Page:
BACKGROUND: The association between neurofibromatosis type 1 (NF-I) and Chiari I malformation (CMI) is rare, and not many studies are reported in the literature. Performing magnetic resonance imaging (MRI) in patients with NF-1 is essential because several cases of Chiari type I are completely asymptomatic. We emphasize the need for inclusion of Chiari I as diagnosis in association with NF-1. CASE DESCRIPTION: The patient was a 51-year-old black man who presented with complaints of pain and decreased motion and sensibility of his hands, wrists, and forearms, along with progressive dysarthria...
2016: Surgical Neurology International
Ning Li, Wei-Guo Zhao, Chun-Hua Pu, Wen-Lei Yang
Hemifacial spasm (HFS) associated with type 1 Chiari malformation is particularly uncommon and is limited to isolated case report. The aims of this study were to report the clinical correlates of patients who had simultaneously HFS and type 1 Chiari malformation and to present the outcome of these patients treated with microvascular decompression (MVD) surgery. We retrospectively evaluated 13 patients who had simultaneously HFS and type 1 Chiari malformation among 675 HFS patients. Clinical features and radiological findings were collected from each patient and analyzed...
July 15, 2016: Neurosurgical Review
Keely Smith, Ana M Gomez-Rubio, Tomika S Harris, Lauren E Brooks, Ricardo A Mosquera
We present a case of a 17-year-old Hispanic male with Arnold-Chiari Type 1 [AC-Type 1] with syringomyelia, status post decompression, who complains of exercise intolerance, headaches, and fatigue with exertion. The patient was found to have diurnal hypercapnia and nocturnal alveolar hypoventilation. Cardiopulmonary testing revealed blunting of the ventilatory response to the rise in carbon dioxide (CO2) resulting in failure of the parallel correlation between increased CO2 levels and ventilation; the expected vertical relationship between PETCO2 and minute ventilation during exercise was replaced with an almost horizontal relationship...
2016: Case Reports in Pediatrics
Aditya Vedantam, Rory R Mayer, Kristen A Staggers, Dominic A Harris, I-Wen Pan, Sandi K Lam
PURPOSE: The multicenter National Surgical Quality Improvement Program-Pediatric (NSQIP-P) database maintained by the American College of Surgeons was used to describe 30-day outcomes following Chiari type 1 decompression in children and to identify risk factors for readmission, reoperation, and perioperative complications. METHODS: We identified patients aged 0-18 years who underwent posterior cranial fossa decompression for Chiari type 1 malformation in 2012, 2013, and 2014 in the NSQIP-Pediatric database...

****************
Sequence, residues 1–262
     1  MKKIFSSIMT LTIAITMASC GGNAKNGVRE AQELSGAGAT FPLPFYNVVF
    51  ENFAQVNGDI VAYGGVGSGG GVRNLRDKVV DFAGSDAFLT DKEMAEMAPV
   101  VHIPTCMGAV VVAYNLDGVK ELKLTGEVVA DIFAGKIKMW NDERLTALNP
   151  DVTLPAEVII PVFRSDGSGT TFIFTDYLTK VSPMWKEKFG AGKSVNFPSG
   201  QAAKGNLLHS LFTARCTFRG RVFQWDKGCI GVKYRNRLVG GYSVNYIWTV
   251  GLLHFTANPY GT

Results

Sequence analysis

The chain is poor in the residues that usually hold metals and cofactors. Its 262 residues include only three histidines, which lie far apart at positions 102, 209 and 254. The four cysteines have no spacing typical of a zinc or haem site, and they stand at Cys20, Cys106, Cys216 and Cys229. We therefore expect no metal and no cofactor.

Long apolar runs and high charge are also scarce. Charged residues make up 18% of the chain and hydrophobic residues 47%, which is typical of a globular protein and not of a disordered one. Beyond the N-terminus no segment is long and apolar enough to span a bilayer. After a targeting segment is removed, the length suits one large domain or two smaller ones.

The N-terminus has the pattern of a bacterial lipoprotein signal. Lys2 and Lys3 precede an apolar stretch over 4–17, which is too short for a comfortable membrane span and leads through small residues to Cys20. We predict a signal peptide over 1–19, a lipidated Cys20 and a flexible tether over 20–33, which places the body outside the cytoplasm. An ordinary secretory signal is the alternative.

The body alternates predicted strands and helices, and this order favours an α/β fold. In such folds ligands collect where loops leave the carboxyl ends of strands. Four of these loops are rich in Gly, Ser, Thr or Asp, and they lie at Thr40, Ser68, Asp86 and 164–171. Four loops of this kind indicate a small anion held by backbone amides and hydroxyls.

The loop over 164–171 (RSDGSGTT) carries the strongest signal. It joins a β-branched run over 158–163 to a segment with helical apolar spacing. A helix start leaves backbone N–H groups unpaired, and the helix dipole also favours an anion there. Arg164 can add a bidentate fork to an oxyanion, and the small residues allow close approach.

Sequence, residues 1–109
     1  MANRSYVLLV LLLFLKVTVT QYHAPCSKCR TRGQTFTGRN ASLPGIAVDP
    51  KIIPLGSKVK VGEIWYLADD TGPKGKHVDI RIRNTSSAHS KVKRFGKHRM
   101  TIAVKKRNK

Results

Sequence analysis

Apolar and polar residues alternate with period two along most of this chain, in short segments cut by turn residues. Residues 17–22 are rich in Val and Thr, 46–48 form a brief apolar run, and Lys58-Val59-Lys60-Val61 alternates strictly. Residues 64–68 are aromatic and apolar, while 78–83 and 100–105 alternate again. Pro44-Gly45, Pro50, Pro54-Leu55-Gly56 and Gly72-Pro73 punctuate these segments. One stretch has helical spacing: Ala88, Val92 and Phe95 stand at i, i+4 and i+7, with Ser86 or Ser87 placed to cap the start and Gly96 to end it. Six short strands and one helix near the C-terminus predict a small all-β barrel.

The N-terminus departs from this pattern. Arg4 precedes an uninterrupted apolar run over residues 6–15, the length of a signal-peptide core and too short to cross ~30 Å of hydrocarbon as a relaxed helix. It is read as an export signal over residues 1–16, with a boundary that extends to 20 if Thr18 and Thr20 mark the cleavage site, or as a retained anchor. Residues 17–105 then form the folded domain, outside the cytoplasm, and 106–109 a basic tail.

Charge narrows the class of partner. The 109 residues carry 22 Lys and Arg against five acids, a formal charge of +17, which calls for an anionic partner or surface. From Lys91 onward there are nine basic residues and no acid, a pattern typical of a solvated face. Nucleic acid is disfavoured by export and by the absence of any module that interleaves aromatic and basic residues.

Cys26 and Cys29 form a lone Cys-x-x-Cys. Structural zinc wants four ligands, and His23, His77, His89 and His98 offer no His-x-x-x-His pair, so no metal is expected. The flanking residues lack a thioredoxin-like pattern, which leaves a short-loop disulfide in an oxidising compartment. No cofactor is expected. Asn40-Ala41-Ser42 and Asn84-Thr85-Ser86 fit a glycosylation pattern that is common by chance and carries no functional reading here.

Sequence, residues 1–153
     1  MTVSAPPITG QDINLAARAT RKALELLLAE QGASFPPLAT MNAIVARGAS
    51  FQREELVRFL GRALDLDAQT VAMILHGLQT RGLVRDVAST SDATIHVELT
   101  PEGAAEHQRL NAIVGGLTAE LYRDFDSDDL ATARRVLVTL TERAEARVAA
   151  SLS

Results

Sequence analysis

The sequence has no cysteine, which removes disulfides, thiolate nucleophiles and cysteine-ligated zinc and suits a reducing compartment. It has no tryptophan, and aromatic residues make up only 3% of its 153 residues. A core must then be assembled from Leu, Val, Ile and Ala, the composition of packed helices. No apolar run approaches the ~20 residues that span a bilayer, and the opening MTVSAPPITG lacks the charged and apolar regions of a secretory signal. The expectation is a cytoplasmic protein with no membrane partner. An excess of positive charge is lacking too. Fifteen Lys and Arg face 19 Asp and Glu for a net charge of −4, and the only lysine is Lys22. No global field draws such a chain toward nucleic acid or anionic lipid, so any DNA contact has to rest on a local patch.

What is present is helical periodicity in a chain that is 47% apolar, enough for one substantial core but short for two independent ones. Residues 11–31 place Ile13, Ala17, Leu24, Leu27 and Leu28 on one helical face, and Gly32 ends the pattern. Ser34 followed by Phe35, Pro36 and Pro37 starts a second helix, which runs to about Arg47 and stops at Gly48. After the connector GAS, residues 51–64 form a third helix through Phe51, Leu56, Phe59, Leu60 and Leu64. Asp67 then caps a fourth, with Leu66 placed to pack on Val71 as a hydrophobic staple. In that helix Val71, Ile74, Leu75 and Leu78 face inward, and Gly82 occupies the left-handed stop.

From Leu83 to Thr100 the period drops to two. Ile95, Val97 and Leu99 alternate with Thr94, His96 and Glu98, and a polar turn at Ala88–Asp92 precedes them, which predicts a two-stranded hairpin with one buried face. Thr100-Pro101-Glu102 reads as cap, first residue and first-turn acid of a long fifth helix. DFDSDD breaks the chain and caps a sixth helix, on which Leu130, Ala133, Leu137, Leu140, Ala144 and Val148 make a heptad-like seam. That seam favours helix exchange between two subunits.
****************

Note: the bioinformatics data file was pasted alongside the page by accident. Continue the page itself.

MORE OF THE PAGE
July 8, 2016: Child's Nervous System: ChNS: Official Journal of the International Society for Pediatric Neurosurgery
Antonin Leroy, Reda Kabbaj, Arnaud Dubory, Manon Bachy, Anne-Isabelle Vermersch, Raphaël Vialle
INTRODUCTION: Pedicle screw fixation allows purchase of all three spinal columns without encroaching into the spinal canal improving fracture fixation, as well as deformity correction. Fortunately, neurologic injury associated with pedicle screw malposition is rare. CASE PRESENTATION: A 19-year-old boy was surgically treated for severe right thoracic scoliosis associated with a Chiari Type 1 malformation and a C6 to T7 syringomyelia. Six months after the initial surgery, the patient was referred to our institution after three weeks of gait disturbances and repeated falls...
2016: SpringerPlus
Rajiv J Iyengar, Petra M Klinge, Wendy S Chen, Jerrold L Boxerman, Stephen R Sullivan, Helena O Taylor
BACKGROUND: The natural history of unrepaired craniosynostosis is not well defined. Delayed surgical intervention carries greater risk of postoperative complications and its functional benefits for older patients are poorly characterized. The authors reviewed patients in whom children presented beyond 1 year of age to better understand the natural history of craniosynostosis, and the risk-benefit relationship for delayed reconstruction. METHODS: After institutional IRB approval the authors conducted a retrospective review of patients who presented after 1 year of age with craniosynostosis...
July 2016: Journal of Craniofacial Surgery
Eren Fatma Akçıl, Özlem Korkmaz Dilmen, Yusuf Tunalı